April 8, 2013

Your fans want to know exactly how you did it


Share your business’s process and backstory

Chris AbrahamPeople are obsessed with process. How did you get to where you are and learn what you know? That’s why YouTube is an obsession: it’s all about “how you do it” or “how you did it.” There are two motivations for sharing what’s behind the curtain that I can discern: humble-bragging (hey, look what I can do) and also-ran (hey, look, I can do it too!).

Whatever the motivation, be it thought leadership or surfing the wave, people want to know how you did it. They don’t want to just see the final, edited version; they’re interested in seeing all the struggle, challenge, revisions, and endless iterations it took to finally be ready for opening night.

People are obsessed by broken notes and hands-on-the-knees “I can’t go any further” moments and how that adversity ends up, after yelling and screaming, after the final reveal.

Obviously, people who want to do what you do and learn what you know are your natural target; however, so are your prospects and your clients.

Give your clients insight into the ‘how’

Your clients want to have insight into your process because they want to know a little bit of what’s gone into all the money they’ve budgeted for your project. They want to know what they’re spending their money on. They even want to know how hard or easy it may well be in reality. Your client wants to buy into what you’re doing on a daily basis to get a feel about who you are, what drives you, your character, your worth ethic, and whether you’ve got the right stuff.

We already do this in the form of case studies. Everyone adores case studies: What Is The Problem/Strategy? What Was Our Solution? What Was the Outcome? Sure, I understand that case studies are vetted, revised, considered, and often-times contrived. But we all know how valuable they are; why wouldn’t you go out of your way to become a case study as a brand, as a company, as a service provider, and as a trusted member of the tribe?

Allow a portal into your process, your day-to-day, the story-boarding of what and how you do your work. Even more, share extras about the senior and junior staff beyond what their bio pages offer. Add to that an opportunity for each one of your staff to explore, expand, and develop their own brands online.

While you may well feel that your staff should remain safely behind the herald of your own brand, it is your responsibility to groom your staff and one of your responsibilities is to develop the reputation, brand, image, and visibility of those people who work for you.

28hemingway4What this all reminds me of is the mind-blowing I got when I visited Dave Eggers‘ 826dc writing center. What I noticed in their classroom when I was there were framed manuscripts from Fitzgerald, I believe, or was it Hemingway? There was a lot of red. There were quite a few revisions separating F. Scott’s or Ernest’s notes from his final manuscript even before his editors and publisher got hold of it.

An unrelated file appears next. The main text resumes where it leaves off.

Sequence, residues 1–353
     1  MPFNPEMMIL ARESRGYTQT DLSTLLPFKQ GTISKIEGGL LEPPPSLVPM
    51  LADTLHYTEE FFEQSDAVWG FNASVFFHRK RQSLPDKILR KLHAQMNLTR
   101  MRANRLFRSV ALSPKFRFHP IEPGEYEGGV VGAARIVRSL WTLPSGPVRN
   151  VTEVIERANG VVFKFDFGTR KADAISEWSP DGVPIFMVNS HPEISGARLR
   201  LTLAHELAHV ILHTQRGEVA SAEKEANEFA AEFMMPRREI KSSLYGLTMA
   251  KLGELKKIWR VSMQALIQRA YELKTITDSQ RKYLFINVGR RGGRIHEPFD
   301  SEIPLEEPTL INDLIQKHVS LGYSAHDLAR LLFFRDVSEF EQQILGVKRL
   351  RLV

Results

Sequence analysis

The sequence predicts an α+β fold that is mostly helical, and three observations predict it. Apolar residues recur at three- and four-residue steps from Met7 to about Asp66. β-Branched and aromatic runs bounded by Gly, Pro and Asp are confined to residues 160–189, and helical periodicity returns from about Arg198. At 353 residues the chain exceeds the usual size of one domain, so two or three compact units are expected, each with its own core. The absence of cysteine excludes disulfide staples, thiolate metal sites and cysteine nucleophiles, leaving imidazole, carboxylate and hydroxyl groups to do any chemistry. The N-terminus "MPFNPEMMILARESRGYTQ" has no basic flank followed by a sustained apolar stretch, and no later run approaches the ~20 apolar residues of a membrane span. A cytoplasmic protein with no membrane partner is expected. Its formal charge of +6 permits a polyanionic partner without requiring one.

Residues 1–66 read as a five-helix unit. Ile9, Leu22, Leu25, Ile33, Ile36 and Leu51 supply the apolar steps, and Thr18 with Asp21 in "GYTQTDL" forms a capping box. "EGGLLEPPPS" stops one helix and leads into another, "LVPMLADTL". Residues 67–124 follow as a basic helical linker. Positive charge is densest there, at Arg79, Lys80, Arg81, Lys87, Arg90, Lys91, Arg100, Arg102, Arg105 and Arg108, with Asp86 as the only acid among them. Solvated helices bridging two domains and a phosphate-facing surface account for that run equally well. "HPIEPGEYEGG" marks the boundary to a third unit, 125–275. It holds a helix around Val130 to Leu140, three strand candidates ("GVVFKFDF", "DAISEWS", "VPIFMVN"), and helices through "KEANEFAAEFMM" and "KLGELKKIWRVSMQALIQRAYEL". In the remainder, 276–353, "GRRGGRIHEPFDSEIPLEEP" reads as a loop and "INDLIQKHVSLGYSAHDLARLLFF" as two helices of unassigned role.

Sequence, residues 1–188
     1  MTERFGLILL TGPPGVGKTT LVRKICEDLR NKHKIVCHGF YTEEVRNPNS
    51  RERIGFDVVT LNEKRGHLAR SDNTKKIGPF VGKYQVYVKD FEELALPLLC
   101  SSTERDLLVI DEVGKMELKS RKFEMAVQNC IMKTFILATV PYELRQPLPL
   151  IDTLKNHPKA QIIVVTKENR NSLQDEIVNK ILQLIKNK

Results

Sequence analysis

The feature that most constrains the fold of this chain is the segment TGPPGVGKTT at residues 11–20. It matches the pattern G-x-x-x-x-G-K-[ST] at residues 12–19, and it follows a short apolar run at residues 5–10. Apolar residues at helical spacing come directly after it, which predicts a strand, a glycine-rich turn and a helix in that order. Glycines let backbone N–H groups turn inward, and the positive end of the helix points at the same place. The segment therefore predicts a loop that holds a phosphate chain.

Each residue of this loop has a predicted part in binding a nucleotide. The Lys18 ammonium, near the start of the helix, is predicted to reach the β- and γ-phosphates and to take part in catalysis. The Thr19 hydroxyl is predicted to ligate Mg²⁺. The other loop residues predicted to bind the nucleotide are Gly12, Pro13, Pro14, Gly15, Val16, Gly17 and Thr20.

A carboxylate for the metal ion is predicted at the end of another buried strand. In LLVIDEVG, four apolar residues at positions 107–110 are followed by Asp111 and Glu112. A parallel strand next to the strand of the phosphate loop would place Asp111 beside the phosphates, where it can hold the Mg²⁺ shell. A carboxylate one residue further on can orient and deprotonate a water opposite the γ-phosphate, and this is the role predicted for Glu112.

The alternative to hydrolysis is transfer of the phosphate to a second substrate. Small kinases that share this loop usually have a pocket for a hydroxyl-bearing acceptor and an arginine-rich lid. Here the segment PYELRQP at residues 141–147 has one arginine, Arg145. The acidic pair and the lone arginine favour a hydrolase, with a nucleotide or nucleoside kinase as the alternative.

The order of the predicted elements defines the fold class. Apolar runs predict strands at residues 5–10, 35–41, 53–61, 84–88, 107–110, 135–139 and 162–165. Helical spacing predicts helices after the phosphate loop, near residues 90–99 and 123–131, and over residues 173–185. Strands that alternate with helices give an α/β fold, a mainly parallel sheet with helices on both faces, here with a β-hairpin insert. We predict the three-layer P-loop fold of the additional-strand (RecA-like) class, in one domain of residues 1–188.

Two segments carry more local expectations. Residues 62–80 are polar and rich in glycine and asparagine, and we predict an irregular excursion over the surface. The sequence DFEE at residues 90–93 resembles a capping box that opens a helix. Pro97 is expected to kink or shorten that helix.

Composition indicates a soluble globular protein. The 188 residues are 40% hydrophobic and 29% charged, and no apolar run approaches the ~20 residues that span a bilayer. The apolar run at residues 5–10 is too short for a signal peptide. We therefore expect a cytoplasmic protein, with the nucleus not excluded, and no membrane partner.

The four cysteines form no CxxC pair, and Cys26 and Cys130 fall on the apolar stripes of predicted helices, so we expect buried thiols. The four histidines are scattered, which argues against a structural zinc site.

It was eye opening to see this process when, for whatever reason, I never even considered that maybe his prose might have been aggressively reduced from something more conversational, meandering, or lost.

While I might have remained more in awe, I appreciate them more now for their art, their struggle, and their craft because I have insight into their process. Instead of merely appreciating them as gifted, I instead understand the work, the struggle.

When I used to speak on photography, back in the days when I shot for Corbis, people were always more interested in what cameras (Nikon n90s), what lenses (Nikkor 2.8 AF), what film (Fuji 100), and even what bag I used (Domke) than they were interested in my photographs (I’ll assume that their interest in my process reflected well on the quality of my images).

Share your narrative

And, to come full circle, we’re obsessed by process. We want a narrative. We need a little struggle. We want a noble journey and we need to know that our money, no matter how much or how little, went towards buying not simply result but also process.

hemingway-eAnd don’t worry about protecting your intellectual property or revealing too much. If that’s your natural fear and your innate concern, you’ll probably end up sharing way too little, no matter how hard you try. And don’t worry about being found out or coming up short: What seems easy for us is perceived as magic to others — except when it comes to modern art, where exactly the opposite is true.

And you don’t have to share it all at once. The strip tease that is your business and creative process can be spread over weeks, months, or forever.

But before you balk, don’t worry: While you might feel like your process may well be mundane, obvious, and boring, it’s new, exciting, and revelatory to everyone else.

Good luck and let me know how it goes for you!

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Chris Abraham is a partner in Socialmedia.biz. Contact Chris via email, follow him on Twitter and Google Plus or leave a comment below.

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